How to clean a pond of algae?
November 17, 2005 12:51 PM   Subscribe

Help me rebuild an ecosystem! I'm looking for a specific little algae-eater . . .

I have a small "pond" on my patio that is roughly 5' x 3' and about 1' deep. I recently had to empty all the water out of the pool to make way for another patio project. In doing so I removed a population of little shrimp-like critters that thrived in the pond. These were very small, only about 1mm in length. They were translucent. They swam by twitching their tails back and forth. And, there were perhaps thousands of the little guys peacefully coexisting in the pond.

I refilled the pond with water about two weeks ago and there is now a film of algae growing on the surface. Without the little shrimp there to eat the algae it appears that my pond is doomed! I need to find out what these creatures are called and where I can purchase them. I'm in San Francisco if location makes any difference. Help me rebuild my ecosystem!
posted by quadog to Home & Garden (13 answers total)
 
They're brine shrimp. (Sea Monkeys are one breed). You can buy a big vial of them (with hundreds of thousands of eggs) at any aquarium specialty shop-- people raise them to feed to fish that need live prey.

If you want to go nuts, there are websites that sell them by the bucketful with guaranteed hatching rates,
posted by Mayor Curley at 12:57 PM on November 17, 2005


6th avenue aquarium, on clement, is your spot
posted by alkupe at 12:58 PM on November 17, 2005


Sounds to me like you were breeding mosquitoes! You don't want those back. Get yourself some coi.
posted by Pollomacho at 1:08 PM on November 17, 2005


Mosquito Larvae

Were these the fellows? If so they'll be back on their own.
posted by Pollomacho at 1:10 PM on November 17, 2005


Er, if this is a freshwater pond, those were not brine shrimp. Brine shrimp live in, well, brine. Salt water.

Chances are, unless you scrubbed the pond raw with bleach and so forth, or let it dry completely, there are a few of the little guys hanging on still. Especially if they are not something you put in there deliberately the first time; they're probably something native. Give them a chance to rebuild their numbers and things should get back to normal.

You can also go to a nearby local pond that looks like it's doing well and take a big sample bucket of mud, weeds, water and so forth, and dump it in your pond. You'll undoubtedly get some more of your little copepods in that sample.
posted by Rubber Soul at 1:12 PM on November 17, 2005


Sounds to me like you were breeding mosquitoes!

Nope. They definitely were not mosquitos. If they were my entire condo would have been invaded this summer and I didn't see a single one of 'em.

unless you scrubbed the pond raw with bleach and so forth, or let it dry completely, there are a few of the little guys hanging on still

I didn't scrub it down but it did get pretty dry. It'd be kind of a miracle if a few were able to hang on.
posted by quadog at 1:23 PM on November 17, 2005


You probably had a nice colony of Daphnia going. follow Rubber Soul's advice and you will have them back in no time.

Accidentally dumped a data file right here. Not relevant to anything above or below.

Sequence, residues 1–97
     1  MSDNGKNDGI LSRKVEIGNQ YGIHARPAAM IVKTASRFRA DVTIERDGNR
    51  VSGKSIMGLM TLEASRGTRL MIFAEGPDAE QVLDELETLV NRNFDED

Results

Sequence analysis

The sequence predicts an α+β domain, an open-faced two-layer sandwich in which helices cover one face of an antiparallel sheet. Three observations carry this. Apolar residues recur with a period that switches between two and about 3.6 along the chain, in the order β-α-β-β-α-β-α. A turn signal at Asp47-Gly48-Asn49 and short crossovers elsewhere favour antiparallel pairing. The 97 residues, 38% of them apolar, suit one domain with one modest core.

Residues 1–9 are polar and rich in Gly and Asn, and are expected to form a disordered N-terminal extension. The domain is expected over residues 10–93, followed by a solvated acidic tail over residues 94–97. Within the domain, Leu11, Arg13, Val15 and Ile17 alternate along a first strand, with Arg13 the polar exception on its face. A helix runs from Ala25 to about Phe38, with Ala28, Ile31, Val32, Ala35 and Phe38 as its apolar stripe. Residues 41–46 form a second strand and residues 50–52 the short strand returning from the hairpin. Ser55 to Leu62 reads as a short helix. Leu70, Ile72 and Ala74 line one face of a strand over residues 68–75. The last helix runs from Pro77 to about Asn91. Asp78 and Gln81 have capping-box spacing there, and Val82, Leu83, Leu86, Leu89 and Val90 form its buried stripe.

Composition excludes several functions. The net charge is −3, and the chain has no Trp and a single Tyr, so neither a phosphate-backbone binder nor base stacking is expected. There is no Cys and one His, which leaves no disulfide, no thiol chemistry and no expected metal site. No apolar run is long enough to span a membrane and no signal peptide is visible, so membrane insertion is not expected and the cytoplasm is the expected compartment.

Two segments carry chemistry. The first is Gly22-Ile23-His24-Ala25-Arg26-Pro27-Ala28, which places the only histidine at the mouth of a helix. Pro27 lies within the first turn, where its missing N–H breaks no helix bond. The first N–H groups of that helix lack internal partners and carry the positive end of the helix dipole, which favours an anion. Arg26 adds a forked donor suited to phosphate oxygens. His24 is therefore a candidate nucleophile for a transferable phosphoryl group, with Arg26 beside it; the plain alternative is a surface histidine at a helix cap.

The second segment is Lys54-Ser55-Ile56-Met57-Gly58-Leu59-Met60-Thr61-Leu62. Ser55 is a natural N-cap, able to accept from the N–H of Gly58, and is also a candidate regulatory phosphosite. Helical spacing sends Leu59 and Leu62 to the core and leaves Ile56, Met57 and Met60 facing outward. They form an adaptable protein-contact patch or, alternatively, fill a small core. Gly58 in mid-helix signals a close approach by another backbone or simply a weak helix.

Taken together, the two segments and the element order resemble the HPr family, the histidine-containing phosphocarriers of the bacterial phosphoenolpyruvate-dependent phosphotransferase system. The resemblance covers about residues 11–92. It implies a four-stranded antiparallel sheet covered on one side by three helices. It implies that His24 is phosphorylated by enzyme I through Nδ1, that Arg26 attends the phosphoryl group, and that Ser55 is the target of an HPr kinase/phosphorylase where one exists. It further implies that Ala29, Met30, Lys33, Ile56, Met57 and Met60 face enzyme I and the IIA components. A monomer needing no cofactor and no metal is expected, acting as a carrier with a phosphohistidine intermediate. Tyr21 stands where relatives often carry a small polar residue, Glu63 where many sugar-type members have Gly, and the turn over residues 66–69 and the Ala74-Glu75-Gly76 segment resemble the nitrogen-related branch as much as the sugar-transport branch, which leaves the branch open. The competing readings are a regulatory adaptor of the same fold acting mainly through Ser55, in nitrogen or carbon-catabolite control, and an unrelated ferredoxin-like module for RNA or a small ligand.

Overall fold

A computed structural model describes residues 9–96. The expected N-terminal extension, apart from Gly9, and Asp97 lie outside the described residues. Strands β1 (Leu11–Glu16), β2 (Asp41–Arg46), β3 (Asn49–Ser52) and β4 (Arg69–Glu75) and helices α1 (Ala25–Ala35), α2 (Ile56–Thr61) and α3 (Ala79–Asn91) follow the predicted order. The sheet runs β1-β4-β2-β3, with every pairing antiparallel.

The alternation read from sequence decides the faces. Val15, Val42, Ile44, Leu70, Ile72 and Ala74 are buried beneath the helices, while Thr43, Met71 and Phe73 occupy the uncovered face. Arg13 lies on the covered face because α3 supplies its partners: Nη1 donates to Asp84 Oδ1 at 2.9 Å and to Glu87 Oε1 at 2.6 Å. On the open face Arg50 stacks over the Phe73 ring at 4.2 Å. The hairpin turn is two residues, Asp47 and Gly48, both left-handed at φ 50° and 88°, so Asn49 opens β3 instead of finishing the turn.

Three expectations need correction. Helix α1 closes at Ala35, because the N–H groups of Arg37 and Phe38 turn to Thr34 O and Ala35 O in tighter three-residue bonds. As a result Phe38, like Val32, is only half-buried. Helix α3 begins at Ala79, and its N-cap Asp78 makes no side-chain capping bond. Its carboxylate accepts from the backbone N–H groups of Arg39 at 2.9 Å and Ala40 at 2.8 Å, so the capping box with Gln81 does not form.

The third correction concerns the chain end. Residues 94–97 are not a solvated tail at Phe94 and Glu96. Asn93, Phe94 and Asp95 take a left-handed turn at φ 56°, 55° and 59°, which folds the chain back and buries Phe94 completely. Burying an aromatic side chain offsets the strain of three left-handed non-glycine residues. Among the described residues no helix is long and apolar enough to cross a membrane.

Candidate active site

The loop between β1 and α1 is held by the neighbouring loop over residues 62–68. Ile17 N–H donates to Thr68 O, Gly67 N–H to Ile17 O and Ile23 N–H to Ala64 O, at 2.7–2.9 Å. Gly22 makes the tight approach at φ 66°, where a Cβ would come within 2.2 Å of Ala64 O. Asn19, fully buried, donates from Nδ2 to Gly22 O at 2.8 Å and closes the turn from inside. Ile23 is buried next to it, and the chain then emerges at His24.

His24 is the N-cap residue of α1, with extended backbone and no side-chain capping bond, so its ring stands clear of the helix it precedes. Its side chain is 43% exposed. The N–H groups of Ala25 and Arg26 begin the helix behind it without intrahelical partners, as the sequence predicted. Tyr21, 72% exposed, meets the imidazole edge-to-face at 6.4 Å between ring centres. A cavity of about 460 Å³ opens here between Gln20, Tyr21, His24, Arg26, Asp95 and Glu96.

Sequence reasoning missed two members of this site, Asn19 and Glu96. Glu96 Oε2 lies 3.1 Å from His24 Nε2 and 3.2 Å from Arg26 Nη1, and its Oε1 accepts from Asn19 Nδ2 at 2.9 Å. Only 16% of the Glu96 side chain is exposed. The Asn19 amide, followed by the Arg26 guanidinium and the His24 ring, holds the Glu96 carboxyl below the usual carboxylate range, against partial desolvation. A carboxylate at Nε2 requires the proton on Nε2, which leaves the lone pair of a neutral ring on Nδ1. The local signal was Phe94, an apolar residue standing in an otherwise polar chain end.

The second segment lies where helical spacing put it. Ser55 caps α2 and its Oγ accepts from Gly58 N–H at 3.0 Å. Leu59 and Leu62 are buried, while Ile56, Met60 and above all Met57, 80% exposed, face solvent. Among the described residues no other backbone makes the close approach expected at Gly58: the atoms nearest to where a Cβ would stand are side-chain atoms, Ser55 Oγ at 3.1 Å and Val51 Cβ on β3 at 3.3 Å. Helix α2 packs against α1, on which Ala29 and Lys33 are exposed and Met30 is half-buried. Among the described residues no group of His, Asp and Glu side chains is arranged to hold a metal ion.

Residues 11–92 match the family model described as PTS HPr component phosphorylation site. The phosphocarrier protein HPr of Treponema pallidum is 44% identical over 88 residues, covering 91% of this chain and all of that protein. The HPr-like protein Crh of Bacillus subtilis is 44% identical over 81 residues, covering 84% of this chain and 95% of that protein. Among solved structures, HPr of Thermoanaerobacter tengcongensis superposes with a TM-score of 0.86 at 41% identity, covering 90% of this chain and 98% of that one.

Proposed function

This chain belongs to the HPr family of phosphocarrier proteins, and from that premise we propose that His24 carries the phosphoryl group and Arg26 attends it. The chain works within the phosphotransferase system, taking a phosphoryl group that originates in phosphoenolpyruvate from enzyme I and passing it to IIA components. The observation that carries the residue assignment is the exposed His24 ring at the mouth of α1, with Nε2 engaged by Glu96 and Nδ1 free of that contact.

posted by a22lamia at 1:32 PM on November 17, 2005


Try to get in touch with a local aquarium club. They might know where to obtain a wild colony of daphnia to reseed your pond with.
posted by sid at 1:34 PM on November 17, 2005


Er, if this is a freshwater pond, those were not brine shrimp. Brine shrimp live in, well, brine. Salt water.

I was lazy and didn't read the question carefully enough-- I thought that the poster had just moved into the place and the ecosystem was a deliberate thing. Sorry!
posted by Mayor Curley at 2:03 PM on November 17, 2005


I second the suggestion for the aquarium on clement. Those guys have everything.
posted by cali at 2:18 PM on November 17, 2005


Those are probably zooplankton (although 1mm seems a little large - oh, right - daphnia - but there were probably zooplankton, which also eats algae, in there).

I did an undergrad ecology project - some ponds had algae, others didn't. The zooplankton helped clear algae, but the biggest factor was fertilzer runoff (ready bioavailable phosphorous and nitrogen was greatly helping the algae grow).

There are these *really* fine-meshed nets that look like a dunce-cap. I spent a few weeks rowing boat back and forth through various ponds trailing that sucker and collecting zooplankton. You might be able to find something similar and wave it around in a algae-free pond. The distribution of zooplankton will vary depending on the time of day.
posted by PurplePorpoise at 4:03 PM on November 17, 2005


definitely Daphnia. Don't know where you can get them commercially but some pond water from a healthy looking pond (clear, with plants) is probably your best bet. They will likely come back on their own eventually but a little physical algae removal and the re-introduction should help speed things along and prevent the algae from choking your pond to death in the short term. They typically need plant cover to survive btw, and if you have too many small piscivorous fish they will eat them and consequently they need more cover to survive in useful numbers so consider removing small fish for a while (or permanently).
posted by fshgrl at 4:50 PM on November 17, 2005


If you can't find the little shrimp again, you can always buy a few Chinese algae eaters (near the bottom of the page). They are pretty much impossible to kill.
posted by 517 at 7:53 AM on November 18, 2005


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